ne of the goals of Theros block was to do a traditional three-set block that we had done so many times in Magic's past, but had moved away from in recent years. It's been a long time since we've done a typical third set in Magic. Long enough that it's hard to say what typical even means. Dragon's Maze came after two large sets, and Avacyn Restored and Rise of the Eldrazi were large sets themselves.. New Phyrexia before that was a huge tonal change in the block, and Alara Reborn was 100% gold. Typical might just be atypical for most of our audience at this this point.
One of the nice things about the more recent models, with second large sets, is they change how the themes and mechanics can evolve over the course of the block. The first set tends to show off the world and themes, and the second set expands those themes as far as we can take them and gives the new large set the ability to do something different. Not so here—this block's structure meant that we had to leave quite a bit back. While the number of enchantments in Theros and Born of the Gods increased a little between design and development, we knew that constellation was coming in the third set, so we had to be mindful of what our enchantment cards did—and to make sure we left enough room for the Journey cards to do new and interesting things. When we work on blocks we have to think of them in their full-block structure, and by putting a lot of the enchantment-matters cards in Journey into Nyx, we had to take some out of the earlier sets. I think people will look back at Theros as an enchantment-themed block, even if its theme's roots weren't as deep as a block like Mirrodin.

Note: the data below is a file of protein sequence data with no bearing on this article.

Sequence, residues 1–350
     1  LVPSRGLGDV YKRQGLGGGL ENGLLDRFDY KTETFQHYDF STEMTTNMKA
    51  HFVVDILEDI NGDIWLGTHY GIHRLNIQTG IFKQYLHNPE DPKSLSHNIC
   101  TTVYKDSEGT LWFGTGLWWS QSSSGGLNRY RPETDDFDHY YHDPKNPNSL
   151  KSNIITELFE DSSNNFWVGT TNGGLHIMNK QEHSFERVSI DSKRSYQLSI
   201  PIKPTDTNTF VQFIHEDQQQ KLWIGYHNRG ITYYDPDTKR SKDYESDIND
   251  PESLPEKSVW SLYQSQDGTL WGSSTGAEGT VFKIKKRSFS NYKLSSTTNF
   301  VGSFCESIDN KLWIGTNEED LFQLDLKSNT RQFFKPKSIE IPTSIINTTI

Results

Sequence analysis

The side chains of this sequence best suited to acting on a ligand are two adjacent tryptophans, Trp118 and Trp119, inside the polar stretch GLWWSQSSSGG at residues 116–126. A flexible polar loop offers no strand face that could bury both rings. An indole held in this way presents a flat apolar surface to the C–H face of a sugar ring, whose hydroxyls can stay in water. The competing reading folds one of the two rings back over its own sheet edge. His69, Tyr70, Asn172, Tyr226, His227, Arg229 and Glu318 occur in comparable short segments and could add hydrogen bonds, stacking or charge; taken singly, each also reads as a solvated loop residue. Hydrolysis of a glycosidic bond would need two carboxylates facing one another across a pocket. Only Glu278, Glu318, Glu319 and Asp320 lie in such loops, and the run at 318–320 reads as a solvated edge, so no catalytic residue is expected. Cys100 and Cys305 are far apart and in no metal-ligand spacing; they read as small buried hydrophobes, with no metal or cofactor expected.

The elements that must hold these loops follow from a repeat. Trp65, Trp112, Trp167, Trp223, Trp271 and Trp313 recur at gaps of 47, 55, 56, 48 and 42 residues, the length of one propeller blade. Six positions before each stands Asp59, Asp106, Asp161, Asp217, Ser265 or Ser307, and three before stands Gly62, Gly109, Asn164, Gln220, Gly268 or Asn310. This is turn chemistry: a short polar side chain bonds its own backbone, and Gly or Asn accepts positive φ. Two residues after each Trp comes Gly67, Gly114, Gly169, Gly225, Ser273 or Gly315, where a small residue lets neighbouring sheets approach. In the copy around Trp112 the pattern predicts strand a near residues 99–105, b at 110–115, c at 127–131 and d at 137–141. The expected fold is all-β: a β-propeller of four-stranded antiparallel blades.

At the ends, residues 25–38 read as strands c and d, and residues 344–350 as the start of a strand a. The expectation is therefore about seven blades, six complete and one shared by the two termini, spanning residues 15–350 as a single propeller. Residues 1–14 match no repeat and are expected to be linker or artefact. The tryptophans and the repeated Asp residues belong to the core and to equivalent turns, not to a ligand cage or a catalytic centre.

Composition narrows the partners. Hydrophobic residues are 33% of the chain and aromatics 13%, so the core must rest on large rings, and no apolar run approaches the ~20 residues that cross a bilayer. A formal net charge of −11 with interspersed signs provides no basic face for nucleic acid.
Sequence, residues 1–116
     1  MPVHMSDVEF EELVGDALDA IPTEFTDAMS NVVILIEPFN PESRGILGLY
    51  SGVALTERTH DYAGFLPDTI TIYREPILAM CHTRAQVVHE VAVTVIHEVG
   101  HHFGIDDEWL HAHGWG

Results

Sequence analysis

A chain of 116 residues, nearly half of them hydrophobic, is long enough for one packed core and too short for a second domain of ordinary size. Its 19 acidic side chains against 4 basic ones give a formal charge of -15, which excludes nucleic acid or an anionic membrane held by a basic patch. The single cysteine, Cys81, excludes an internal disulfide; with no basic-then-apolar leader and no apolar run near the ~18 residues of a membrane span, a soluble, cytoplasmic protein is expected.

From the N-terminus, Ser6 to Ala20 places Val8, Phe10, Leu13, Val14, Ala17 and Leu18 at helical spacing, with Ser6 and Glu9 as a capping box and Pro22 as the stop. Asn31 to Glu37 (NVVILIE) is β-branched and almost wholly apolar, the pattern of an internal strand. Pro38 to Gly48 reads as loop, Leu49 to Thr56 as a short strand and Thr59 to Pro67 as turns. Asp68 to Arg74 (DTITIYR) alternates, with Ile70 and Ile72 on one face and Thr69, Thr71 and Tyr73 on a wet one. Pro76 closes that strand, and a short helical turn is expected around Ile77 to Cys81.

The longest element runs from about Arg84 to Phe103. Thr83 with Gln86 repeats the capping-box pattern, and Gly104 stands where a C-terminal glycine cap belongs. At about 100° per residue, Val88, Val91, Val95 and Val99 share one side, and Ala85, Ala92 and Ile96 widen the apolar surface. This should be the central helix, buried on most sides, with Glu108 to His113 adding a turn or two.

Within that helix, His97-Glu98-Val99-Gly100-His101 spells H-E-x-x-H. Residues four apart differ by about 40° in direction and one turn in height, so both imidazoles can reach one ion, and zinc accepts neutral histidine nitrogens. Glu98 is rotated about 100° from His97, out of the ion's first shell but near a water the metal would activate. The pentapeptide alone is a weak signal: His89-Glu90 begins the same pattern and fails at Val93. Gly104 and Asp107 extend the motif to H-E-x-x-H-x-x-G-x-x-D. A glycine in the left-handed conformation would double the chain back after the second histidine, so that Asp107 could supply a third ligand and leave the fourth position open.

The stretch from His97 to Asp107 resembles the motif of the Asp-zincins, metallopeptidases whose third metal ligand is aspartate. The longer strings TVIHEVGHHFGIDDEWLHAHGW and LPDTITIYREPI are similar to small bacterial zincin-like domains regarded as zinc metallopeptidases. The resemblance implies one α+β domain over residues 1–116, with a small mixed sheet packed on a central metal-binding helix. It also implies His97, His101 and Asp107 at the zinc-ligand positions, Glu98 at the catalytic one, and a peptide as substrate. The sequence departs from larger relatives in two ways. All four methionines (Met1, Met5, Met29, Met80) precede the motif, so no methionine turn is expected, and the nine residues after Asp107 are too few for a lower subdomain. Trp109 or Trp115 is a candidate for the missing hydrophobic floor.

Art by Karl Kopinski
So, anyway, Journey into Nyx is a third set, and that meant we needed to reserve some space for it while we were designing and developing the other sets, but we still needed it to play well with the first two sets for both Limited and Constructed. Adding constellation and a new twist on bestow were important, but we also found that Journey needed some other ways to innovate, and ideally to give the mortals of Theros something to do with their time. So, we gave the heroes something to strive for.
Holding Out for a Hero
Don't cue the Footloose references. Or do. But please don't.
Theros included plenty of ways to help out your heroic creatures—the bestow creatures, the Ordeal cycle, and the cycle of "up to two " like Dauntless Onslaught and Triton Tactics—but we wanted something different for Journey into Nyx, something I am sure Dave Humpherys will talk about in more detail during his feature article on Monday.